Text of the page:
Robotics 2017: Turtlebots Parade
Zhang Yao Hu Junyu Min Jie
This project is mainly about using many turtlebots to generate a parade. A parade is a prescribed rule of following between swarm robots. We want to establish many seperate individual robots which can form a swarm group so that the main task involved is about recognition and following of the turtlebots. In the project, we accomplished the goal that make three turtlebots driving in a sequence.
Swarm robotics is an approach to the coordination of multirobot systems which consist of large numbers of mostly simple physical robots. It is not only seems interesting to see a group of robots moving as a team, but also a very important part of robotics field and has many potential applications. For example, we may need many robots to go to a certain place to complete some missons such as searching and rescue, but it is difficult and also annoying if we need control all the robots' trajectories together at one time. In the meanwhile, it is also very challenging to plan for a group of robot because most of our knowledge about robotics is at individual robot level.
Our project basically contains the fundamental movement of swarm robots like following or queuing. The basic idea is using a robot as a leader and others are following its trajectory based on some rules. We started with two robots and expanded it to three robots case.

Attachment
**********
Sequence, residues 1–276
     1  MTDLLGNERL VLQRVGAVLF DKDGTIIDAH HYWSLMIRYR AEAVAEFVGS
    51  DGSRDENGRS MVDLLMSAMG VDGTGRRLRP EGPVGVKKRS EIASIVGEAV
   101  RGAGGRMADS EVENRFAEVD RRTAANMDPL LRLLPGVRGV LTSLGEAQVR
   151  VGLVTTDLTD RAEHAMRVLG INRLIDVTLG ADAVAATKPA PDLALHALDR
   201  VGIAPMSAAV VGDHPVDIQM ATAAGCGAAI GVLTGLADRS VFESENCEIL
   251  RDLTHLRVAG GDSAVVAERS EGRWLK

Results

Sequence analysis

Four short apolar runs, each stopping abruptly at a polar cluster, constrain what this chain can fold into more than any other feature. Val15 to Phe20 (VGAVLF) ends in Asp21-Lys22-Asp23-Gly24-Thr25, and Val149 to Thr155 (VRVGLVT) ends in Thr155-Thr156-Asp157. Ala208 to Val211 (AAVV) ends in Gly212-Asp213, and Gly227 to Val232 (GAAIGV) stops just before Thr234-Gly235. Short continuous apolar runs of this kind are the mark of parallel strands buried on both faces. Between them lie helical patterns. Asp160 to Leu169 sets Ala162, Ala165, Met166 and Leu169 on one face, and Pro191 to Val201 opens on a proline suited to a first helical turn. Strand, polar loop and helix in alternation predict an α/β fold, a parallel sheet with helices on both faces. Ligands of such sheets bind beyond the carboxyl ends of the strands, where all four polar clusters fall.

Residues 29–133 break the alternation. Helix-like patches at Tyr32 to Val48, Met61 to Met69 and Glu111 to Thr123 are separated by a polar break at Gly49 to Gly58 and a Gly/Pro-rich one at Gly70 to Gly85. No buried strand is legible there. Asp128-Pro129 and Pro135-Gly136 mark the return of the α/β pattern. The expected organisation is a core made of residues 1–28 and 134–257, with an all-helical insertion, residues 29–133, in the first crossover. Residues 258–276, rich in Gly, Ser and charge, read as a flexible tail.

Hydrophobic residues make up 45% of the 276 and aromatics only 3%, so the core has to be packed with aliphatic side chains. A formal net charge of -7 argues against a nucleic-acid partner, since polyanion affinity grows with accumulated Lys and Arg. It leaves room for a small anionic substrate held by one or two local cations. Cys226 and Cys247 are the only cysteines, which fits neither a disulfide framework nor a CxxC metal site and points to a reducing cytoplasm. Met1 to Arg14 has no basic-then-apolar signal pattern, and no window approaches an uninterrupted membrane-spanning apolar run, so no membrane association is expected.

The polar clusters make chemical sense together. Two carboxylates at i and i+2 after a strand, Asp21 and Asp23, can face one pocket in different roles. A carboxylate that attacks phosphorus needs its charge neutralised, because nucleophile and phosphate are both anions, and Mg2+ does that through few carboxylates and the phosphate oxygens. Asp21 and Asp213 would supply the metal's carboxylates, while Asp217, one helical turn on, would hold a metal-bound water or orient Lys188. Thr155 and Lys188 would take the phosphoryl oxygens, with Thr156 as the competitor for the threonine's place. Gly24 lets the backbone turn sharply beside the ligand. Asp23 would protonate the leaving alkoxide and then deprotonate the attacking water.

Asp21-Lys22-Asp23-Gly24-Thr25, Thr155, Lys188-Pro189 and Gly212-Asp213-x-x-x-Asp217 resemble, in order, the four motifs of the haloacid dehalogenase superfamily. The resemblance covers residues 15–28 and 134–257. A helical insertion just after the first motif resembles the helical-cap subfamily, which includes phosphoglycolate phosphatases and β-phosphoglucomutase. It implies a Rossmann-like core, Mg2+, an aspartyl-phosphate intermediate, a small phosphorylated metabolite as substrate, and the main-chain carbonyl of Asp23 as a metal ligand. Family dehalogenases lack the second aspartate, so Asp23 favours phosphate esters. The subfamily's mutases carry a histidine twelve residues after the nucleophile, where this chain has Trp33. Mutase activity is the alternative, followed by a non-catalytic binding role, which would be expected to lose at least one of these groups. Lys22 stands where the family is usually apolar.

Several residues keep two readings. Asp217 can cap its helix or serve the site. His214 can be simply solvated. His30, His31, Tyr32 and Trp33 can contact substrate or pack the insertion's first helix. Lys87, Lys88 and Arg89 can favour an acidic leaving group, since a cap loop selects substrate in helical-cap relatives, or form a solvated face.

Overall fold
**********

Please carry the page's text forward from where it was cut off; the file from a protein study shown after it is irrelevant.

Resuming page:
In this project, we use three laptops to handle the three-robot problem: each laptop control on robot. Three robots will walk in a line: one as the leader, the other two will follow one by one. Furthermore, we also need to put Apriltags on our robots to indicate its identification, as is mentioned in above section, the Apriltags will also give us the relative position between each pair of leader and follower. We put the Apriltags at the back of the robots so that the follower robots can see the leader robots. Figure 1 shows the example of a pair of leader-follower system.
To make the follower robot follows the leader robot smoothly, our algorithm can be divided to two parts.The first part is when the follower robot can see the Apriltag of the leader robot. In this certain scene, we do the control of the follower robot just based on the position of the Apriltag in its view: we always try to keep the position of the Apiltag in the middle of its view with a certain distance. Therefore, the linear speed of the follower depends on the distance between Apriltag and itself while the angular speed of the follower depends on the deviation of the Apriltag from the middle. The other part is when the follower robot can not see the Apriltag of the leader robot. This may happens when there are some obstacles or the leader makes a sudden, large turn. We want to keep the follower follows the leader in such a scene happens. To do this, we need always compute and record the transformation between the global reference of the follower and the global reference of the leader when the follower can still see the position of the leader. In the ideal scene, we only need compute the transforamtion one time since it is a fixed value, however, considering the errors caused when the robots moving, we need always fresh our transformation. When the follower can not see the Apriltag of the leader, we will use the latest transformation we computed.